Traditionally, the fourth candle on the Advent wreath, which we can (finally!) light this Sunday, symbolizes love. Also called the “Angel’s Candle,” this final purple candle calls attention to the messenger who appears to Mary in the Gospel and reminds us that God’s love is the reason for the Incarnation.
The readings for this Fourth Sunday of Advent help us see why it is so important to remember that God’s love is the animating force behind the gift of Christ we are preparing to celebrate on Christmas.
The first reading and the responsorial psalm both emphasize the way God’s love for the chosen people of Israel lays the foundation for the divine intervention that ultimately effects our salvation. Specifically, they show the depth of God’s promise to God’s people.
In the first reading, King David promises to build God a house, but God intervenes and insists that God does not need humans to create a divine home. Instead, God promises to “fix a place for my people Israel,” and to “establish a house for you.” This, significantly, includes a guarantee to “raise up your heir after you…and make his kingdom firm. I will be a father to him, and he shall be a son to me.” Here is the David promise of a Messiah, sprung from the house of David, who will rule over all. The words of this Sunday’s psalm praise these promises and underscore the grace received through God’s guarantees.
There is a fascinating reversal of expectations involved in these readings. King David wants to build God a physical house—a literal dwelling place—and God promises to build David a house of a different kind—a family (à la “Fall of the House of Usher”). In some ways, this foreshadows the way that God will ultimately fulfill this promise, which is similarly by reversing expectations. God’s people take this promise literally and expect the Messiah to look and act much like David, ruling over all on this earth, but when the Messiah comes, it is as a lowly, suffering servant, seemingly as un-kinglike as possible (see the Catechism of the Catholic Church’s discussion of Jesus’s title as “Christ,” or anointed one).
The reversal of expectations is apparent also in the Gospel reading. The angel appears to Mary and announces that she will bear the “Son of the Most High,” who will fulfill God’s promise to ensure the perseverance of the throne of David. Mary is astonished by this pronouncement, but nevertheless puts her faith in God and assents, “May it be done to me according to your word.”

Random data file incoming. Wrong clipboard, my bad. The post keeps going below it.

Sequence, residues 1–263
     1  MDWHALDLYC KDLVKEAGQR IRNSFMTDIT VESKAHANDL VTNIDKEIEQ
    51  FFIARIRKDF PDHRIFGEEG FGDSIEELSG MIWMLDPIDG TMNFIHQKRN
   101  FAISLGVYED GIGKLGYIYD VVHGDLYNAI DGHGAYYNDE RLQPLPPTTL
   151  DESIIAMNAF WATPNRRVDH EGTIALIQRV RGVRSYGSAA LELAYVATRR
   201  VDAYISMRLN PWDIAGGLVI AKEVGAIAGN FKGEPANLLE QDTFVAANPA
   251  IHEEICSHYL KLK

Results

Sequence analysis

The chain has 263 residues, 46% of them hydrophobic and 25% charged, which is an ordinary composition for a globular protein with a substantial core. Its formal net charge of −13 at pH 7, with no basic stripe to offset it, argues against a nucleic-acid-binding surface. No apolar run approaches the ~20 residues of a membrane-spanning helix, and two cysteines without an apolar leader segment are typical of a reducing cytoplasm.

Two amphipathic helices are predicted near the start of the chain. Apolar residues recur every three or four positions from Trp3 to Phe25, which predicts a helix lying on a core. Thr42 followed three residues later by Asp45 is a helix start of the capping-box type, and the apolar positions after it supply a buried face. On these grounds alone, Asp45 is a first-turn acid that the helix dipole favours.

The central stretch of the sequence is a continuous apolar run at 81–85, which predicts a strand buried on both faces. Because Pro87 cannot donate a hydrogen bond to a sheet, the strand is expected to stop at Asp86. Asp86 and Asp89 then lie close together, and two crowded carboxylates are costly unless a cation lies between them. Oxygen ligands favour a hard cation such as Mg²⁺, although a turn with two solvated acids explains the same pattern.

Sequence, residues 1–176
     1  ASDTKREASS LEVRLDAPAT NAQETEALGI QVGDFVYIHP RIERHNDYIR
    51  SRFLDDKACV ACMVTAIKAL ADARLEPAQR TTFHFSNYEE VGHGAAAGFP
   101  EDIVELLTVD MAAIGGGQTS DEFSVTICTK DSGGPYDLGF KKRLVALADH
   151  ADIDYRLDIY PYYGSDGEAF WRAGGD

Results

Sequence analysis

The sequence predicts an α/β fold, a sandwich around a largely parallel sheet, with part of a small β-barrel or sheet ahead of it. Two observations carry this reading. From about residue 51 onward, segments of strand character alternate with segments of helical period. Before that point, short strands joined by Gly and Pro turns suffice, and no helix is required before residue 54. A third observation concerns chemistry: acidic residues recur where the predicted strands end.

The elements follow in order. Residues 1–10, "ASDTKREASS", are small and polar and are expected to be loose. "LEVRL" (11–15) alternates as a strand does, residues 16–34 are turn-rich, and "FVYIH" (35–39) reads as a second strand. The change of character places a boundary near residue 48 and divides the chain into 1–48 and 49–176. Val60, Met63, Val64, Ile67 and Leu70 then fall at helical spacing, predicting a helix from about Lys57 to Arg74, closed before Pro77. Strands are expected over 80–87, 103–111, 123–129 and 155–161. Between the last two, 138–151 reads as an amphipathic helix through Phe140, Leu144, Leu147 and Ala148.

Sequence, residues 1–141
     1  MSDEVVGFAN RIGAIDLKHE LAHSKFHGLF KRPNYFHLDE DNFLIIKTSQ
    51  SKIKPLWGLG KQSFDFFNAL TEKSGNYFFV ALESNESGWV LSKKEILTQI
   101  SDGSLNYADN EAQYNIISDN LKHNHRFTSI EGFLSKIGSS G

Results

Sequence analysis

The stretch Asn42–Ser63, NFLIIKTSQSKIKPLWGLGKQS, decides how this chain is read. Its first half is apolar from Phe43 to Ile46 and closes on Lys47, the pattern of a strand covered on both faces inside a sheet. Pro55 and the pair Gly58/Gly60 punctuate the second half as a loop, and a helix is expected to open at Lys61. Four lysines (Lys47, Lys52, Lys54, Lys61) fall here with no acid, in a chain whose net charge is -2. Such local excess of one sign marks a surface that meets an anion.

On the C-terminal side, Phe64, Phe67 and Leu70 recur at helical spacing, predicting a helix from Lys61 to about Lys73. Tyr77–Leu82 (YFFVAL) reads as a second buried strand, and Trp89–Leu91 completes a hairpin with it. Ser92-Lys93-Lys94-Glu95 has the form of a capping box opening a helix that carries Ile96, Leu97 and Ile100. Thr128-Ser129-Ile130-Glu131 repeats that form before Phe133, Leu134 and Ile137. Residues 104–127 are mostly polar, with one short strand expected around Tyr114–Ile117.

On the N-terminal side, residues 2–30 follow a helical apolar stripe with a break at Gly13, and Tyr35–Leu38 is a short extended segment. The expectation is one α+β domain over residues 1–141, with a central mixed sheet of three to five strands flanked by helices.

I am always fascinated by this part of the mystery of the Incarnation, which is accentuated by the pairing of this Gospel reading with this week’s first reading. David wants to build God a house and envisions a great temple; God insists that it is not humanity’s responsibility to build this house and then, ultimately, builds a “house” for God’s presence in human flesh. This is what it means for Catholics to reflect on Mary as “a living tabernacle,” for she literally housed God in ways David’s vision for a house for God could never have imagined.
Here is the heart of the “gospel and the proclamation of Jesus Christ” that St. Paul insists in the second reading “can strengthen” us: God fulfills God’s promises but in ways that are far more impactful than we could ever imagine.
As we wait in hopeful anticipation of Christmas, let us remember this history and be prepared to look for God not just in the “obvious” places, but also in the mundane realities of our daily lives. I love the Ignatian Examen as a tool for this process, but there are many ways to be more attentive to the work of God in our lives. The thing we learn from Advent is the assurance that God comes to us, we just need to be prepare to see this “advent” (coming) on God’s terms rather than ours.